I echo Christie's comments; and coincidentally am on a similar timeline in that my initial discovery was just over 2 years ago, while the confrontation/confirmation of the 3.5 year affair that my husband of 25 years had been having with a co-worker happened 23 months ago (2 years ago next month). Given that I know his AP and she had managed in that time to infiltrate so many areas of our social lives, including church (and even pursued him into his new workplace several months after he'd finally broken away and notwithstanding that she then knew that I knew about the affair), there continue to be many very tangible triggers and consequences which keep rearing their ugly heads, such as when her name is mentioned by friends of ours (yet unknowing, thankfully, what occurred). But I can honestly say that we have made extraordinary progress over these past 2 years, with the help of a good counsellor, a remorseful, willing & repentant husband, and through heeding the wonderful advice & resources available from Rick's articles & Samuel's Blog - not to mention some moments of miraculous Divine intervention. I have also had to examine and take responsibility for my own role in the 'less than ideal' state of our marriage that exacerbated my husband's vulnerability to the AP's advances (while understanding - thanks to the resources of AR - that it was NOT my fault that he selfishly chose to violate our marriage in this way). While I still have bad days and moments of deep sadness from time to time, they are much fewer and further between than say a year ago; and I have increasingly felt genuinely empowered by my decision to stay, work hard together and forgive. With God's grace I have found enormous courage, dignity and strength of character (particularly when confronted with the temptation to lash out & seek revenge against the AP) that I never knew I was capable of. While I can well relate to the intense isolation felt by the woman in this article, and sometimes feel weighed down by the burden of carrying the secret virtually alone, I also reflect on the how protecting our teenage children (and extended family) from knowing this horrible truth about what their "hero" father (and son/brother/-in-law) did, was definitely the right thing to do (and am very grateful that his affair hasn't been publicly exposed). I sometimes think (with some pride) that my decision to stay, forgive and heal our marriage is the best legacy I can leave my children, even though they'll probably never realise it. Even so, the need for ongoing forgiveness even 2 years later was brought home to me just a couple of weeks back when I was very belatedly drip-fed with some further information (about particular hotels stayed at during the affair) - more than 18 months after I had been (repeatedly) assured that I'd been given exhaustive answers to everything that I'd asked about. In the scheme of things these additional details were actually quite minor (though carried some significance, hence withheld) and my husband's reasons for withholding were genuinely to "protect" me for reasons which I could understand on one level, but was quite mis-guided and insulting on another level - given all that we'd been through (as if I couldn't have coped!) and the grace & forgiveness I'd shown him thus far, AND the fact that we'd been rebuilding trust on a platform of incomplete information. While the previously missing information itself was not that important, the fact that he'd effectively been lying to me in withholding it until now, was very significant because it undermined the trust that had been built up, and of course begged the question about how did I know if I could trust him about everything else now! What it demonstrated though, was that (as I'd been suspecting & suggesting to him, given that so much of the focus over the past couple of years had been on healing me, as the betrayed spouse) he really does still have more work to do on healing himself - as a number of articles I plucked out of the AR library and referred to him clearly highlighted - eg, comparison with AA about being "only as sick as your secrets", and perpetuating patterns of deception etc. Anyway, thankfully, the depth of goodwill that we've built up in rejuvenating our "new" marriage over the past couple of years, and the distance that we've travelled in that time has meant that I've been able to forgive again (while also very conscious that we all need forgiveness from God on a daily basis and are called to extend the same to others). Thanks again to the amazing wisdom found in these AR resources, I've been able to not only examine and analyse my feelings (and realise the normality of those in so many situations), but those articles & blogs have given me some very helpful language to articulate my feelings to my husband in constructive ways and thus help facilitate his understanding. At the same time, given the latest revelations, I realise that it's time I stopped taking responsibility for something he has to do himself; so am leaving it to him to go back & work through the bootcamp materials. A huge thank you Rick, Samuel and all at AR for the incredible work that you do in bringing people to healing and in providing so much wonderful advice for restoring marriages that have been wracked by infidelity. :)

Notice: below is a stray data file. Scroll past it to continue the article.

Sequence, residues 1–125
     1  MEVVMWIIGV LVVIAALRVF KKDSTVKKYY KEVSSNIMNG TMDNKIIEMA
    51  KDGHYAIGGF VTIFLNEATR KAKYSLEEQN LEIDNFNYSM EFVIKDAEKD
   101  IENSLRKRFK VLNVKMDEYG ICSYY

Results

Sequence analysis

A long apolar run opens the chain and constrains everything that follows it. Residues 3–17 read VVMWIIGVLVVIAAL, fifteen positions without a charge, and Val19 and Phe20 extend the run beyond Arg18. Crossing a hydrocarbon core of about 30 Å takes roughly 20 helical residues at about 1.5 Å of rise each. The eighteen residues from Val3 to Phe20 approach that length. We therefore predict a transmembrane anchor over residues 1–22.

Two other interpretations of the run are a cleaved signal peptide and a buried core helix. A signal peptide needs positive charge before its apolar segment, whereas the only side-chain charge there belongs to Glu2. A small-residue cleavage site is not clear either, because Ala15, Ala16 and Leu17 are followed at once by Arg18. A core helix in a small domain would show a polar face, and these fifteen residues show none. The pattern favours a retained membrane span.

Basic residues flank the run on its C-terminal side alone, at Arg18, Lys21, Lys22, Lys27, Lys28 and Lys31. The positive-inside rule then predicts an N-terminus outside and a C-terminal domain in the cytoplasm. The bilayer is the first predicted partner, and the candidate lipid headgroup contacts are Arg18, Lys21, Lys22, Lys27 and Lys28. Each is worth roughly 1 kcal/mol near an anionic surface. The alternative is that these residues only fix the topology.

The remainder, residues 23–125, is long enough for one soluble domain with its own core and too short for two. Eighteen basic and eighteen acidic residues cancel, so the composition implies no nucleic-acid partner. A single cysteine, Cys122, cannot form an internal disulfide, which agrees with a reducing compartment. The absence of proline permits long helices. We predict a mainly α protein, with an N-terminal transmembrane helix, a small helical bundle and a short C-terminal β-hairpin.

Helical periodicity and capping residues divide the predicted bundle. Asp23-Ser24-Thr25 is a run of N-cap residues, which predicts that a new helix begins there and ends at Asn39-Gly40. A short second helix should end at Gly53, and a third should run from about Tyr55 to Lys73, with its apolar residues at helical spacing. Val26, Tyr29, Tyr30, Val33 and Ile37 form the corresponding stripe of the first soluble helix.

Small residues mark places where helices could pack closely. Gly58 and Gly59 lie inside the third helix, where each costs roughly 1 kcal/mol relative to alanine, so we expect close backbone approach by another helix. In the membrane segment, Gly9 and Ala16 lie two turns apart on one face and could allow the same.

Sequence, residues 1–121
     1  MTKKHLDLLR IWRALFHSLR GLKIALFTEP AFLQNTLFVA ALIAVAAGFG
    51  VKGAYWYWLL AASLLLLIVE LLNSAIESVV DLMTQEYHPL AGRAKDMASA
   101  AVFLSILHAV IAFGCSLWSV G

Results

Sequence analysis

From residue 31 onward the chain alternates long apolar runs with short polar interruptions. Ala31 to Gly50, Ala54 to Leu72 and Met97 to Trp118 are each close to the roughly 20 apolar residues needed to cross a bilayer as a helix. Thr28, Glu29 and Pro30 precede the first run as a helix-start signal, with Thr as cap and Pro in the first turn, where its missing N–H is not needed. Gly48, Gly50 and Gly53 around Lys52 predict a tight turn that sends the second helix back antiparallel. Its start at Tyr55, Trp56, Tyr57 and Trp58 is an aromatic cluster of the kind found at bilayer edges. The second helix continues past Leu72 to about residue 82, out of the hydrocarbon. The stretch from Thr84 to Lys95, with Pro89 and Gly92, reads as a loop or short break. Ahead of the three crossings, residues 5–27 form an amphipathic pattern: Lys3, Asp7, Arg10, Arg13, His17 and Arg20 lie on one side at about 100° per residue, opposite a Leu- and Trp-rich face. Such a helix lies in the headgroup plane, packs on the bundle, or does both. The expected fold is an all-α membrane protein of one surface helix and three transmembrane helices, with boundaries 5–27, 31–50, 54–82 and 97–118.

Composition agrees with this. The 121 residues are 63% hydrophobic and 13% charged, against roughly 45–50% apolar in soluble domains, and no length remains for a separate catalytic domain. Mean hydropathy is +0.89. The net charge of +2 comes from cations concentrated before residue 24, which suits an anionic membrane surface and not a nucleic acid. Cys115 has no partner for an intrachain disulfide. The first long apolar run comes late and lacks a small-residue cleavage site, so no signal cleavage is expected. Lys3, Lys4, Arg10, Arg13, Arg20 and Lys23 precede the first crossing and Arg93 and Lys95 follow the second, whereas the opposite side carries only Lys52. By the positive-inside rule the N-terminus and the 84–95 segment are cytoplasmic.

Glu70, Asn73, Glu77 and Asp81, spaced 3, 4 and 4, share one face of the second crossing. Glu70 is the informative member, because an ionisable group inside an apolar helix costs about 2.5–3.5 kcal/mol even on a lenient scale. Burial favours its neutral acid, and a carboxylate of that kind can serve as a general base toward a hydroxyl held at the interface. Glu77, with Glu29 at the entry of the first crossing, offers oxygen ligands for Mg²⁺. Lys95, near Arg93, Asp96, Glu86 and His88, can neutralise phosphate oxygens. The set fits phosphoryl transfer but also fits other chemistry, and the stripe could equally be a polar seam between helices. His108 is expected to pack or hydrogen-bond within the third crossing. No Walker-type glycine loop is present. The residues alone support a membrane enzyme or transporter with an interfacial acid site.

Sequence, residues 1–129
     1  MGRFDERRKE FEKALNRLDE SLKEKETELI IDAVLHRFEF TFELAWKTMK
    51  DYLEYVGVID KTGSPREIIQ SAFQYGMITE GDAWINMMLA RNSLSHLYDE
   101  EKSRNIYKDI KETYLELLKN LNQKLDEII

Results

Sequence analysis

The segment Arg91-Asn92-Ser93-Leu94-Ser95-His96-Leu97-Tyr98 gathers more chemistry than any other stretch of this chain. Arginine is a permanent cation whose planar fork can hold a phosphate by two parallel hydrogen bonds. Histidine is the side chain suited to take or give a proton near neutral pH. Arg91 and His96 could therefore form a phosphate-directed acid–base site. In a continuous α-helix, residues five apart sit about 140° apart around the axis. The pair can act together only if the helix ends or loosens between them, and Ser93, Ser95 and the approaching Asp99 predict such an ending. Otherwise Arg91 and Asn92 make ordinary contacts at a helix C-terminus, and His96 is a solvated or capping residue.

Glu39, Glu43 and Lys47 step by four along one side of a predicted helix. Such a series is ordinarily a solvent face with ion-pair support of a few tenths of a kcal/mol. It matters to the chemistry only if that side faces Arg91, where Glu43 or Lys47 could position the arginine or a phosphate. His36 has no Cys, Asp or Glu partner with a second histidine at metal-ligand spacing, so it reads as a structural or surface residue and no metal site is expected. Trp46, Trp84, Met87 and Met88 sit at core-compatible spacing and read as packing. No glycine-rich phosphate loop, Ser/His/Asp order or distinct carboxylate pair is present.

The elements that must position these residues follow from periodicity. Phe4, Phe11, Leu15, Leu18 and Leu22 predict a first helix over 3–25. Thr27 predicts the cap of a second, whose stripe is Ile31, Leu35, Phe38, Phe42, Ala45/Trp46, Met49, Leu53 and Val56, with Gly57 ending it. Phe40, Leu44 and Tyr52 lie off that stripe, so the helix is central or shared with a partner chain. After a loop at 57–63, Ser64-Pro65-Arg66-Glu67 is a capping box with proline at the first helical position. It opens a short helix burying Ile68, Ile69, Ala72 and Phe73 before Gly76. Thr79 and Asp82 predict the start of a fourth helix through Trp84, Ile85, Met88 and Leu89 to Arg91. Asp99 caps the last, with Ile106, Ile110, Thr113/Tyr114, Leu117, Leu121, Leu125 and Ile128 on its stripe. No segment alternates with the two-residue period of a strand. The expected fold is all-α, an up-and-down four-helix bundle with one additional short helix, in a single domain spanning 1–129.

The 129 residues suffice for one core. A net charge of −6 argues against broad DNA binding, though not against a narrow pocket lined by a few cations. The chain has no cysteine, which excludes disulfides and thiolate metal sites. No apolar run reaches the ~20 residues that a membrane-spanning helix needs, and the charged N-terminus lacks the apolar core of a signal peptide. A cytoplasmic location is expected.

it's tough...